Government-bond yields began rising in May after Federal Reserve Chairman Ben S. Bernanke said the U.S. central bank could reduce its stimulus if the economy showed sustainable improvement. The yield on Canada’s benchmark 10-year security climbed to a 2013 high of 2.82 percent on Sept. 10 from 1.67 percent on May 2. U.S. 10-year note yields rose to 3.03 percent on Dec. 31 from 1.61 percent on May 1.
‘Magnified Impact Investors including Pacific Investment Management Co., the world’s biggest bond-fund manager, began selling long-term debt to cut duration, or sensitivity to higher interest rates, to minimize losses from rising yields. An increase in yields cuts more value from longer-dated notes.
“By definition, any move in interest rates is going to have a magnified impact on the price,” John Braive, money manager at Canadian Imperial Bank of Commerce’s CIBC Global Asset Management unit, said Jan. 31 by phone from Toronto. “The government wants to have an orderly market in securities, and they don’t want to see investors getting upset that the market in these securities is absolutely dreadful and they can’t get out of the position.”
Bond yields have eased this month, with those on Canadian 10-year bonds closing at 2.34 percent on Jan. 31 and yields on their U.S. counterparts at 2.64 percent.
Bond Losses Canadian government bonds maturing in 25 years and more lost 13 percent last year, according to a Bank of America Merrill Lynch Index. It was the biggest of their three annual losses since the measure was started in 1996.
The BofA Merrill Lynch Canada Government Index, the broad measure of federal bonds, declined 2.3 percent, while the BofA Merrill Lynch Developed Markets Sovereign Bond Index slipped 0.3 percent.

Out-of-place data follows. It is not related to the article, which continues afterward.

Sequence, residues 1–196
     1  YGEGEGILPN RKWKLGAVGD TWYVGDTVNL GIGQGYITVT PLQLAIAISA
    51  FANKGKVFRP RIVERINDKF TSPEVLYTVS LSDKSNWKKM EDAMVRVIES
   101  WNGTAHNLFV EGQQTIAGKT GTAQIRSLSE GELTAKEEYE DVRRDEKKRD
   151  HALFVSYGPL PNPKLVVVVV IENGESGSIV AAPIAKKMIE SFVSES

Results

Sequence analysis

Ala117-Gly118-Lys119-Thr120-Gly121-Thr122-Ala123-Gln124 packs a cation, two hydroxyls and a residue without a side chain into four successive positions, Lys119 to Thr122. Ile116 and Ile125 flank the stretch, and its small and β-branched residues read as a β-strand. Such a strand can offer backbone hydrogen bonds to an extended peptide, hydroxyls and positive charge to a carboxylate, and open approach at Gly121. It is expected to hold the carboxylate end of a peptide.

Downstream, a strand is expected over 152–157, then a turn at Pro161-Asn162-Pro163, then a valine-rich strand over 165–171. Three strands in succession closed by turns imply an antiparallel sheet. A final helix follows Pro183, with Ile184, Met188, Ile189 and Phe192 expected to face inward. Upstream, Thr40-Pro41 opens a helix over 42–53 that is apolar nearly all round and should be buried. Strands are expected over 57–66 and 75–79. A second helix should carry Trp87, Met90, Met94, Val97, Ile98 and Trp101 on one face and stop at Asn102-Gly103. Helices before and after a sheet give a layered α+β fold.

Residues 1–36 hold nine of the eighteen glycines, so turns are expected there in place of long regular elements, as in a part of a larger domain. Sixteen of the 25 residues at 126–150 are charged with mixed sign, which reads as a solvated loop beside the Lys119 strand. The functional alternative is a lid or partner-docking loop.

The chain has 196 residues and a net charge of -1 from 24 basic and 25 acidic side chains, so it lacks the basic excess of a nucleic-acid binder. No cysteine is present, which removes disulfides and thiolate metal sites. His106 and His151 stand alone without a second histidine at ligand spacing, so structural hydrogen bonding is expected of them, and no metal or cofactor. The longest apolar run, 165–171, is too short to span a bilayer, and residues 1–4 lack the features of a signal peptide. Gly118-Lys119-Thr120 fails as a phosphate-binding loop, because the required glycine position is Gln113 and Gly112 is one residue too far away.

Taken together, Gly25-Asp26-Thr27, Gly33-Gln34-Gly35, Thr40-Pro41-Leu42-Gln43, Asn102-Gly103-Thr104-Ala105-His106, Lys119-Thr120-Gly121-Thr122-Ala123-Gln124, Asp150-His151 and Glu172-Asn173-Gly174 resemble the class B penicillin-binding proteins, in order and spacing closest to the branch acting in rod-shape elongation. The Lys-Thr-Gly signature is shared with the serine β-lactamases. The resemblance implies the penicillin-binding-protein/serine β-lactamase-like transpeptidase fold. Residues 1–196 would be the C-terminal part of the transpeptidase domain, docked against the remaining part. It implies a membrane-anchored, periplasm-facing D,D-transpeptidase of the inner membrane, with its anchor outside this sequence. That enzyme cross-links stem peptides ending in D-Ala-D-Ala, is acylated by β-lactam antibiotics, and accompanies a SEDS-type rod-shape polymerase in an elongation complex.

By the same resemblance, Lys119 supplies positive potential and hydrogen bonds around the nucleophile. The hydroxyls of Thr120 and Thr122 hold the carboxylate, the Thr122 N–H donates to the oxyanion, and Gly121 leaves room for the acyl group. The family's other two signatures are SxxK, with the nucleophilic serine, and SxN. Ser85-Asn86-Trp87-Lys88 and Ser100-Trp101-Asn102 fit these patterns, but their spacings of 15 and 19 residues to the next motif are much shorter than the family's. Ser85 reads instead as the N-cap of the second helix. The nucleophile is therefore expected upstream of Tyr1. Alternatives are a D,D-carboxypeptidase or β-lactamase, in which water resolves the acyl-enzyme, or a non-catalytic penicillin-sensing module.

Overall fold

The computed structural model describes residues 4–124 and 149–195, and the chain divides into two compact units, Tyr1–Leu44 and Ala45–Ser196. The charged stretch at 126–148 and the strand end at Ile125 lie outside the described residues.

The proposal for longer-term Canadian bonds hasn’t been dropped, according to Jack Aubry, spokesman for the Finance Ministry.
“The government is assessing the potential benefits of issuing bonds with a maturity of 40 years or longer,” Aubry said in an e-mail statement. He declined to say whether the issue will be highlighted in the budget released next week.
Japan, Mexico Ultra-long government debt is issued in Japan, which sells 40-year bonds. While Mexico issued 100-year securities, the so- called century bonds due in 2110 slid 19 percent last year amid speculation the Fed stimulus that fueled global risk appetite will dry up.
Government bonds accounted for 21 percent of the Canadian life-insurance industry’s investments in 2012, the second- largest share, according to 2012 CLHIA data. Mutual funds had the biggest share, 26 percent.
The insurance group has been in discussions with the Finance Ministry for several years. In a Nov. 15 submission to the department and the Bank of Canada, the organization said life and health insurers “strongly support” the government’s consideration of issuing debt maturing in 40 years or longer. CLHIA hasn’t heard back from the government on the comments, Swedlove said.
The group plans to send the government a set of policy recommendations relating to long-term investing in the months following the budget release, Swedlove said.
The so-called white paper “will be the catalyst for really moving the discussion forward,” said Ludlow at Swiss Re.
–With assistance from Ari Altstedter and Cecile Gutscher in Toronto and Anita Kumar in Princeton – Editors: Greg Storey, Jacqueline Thorpe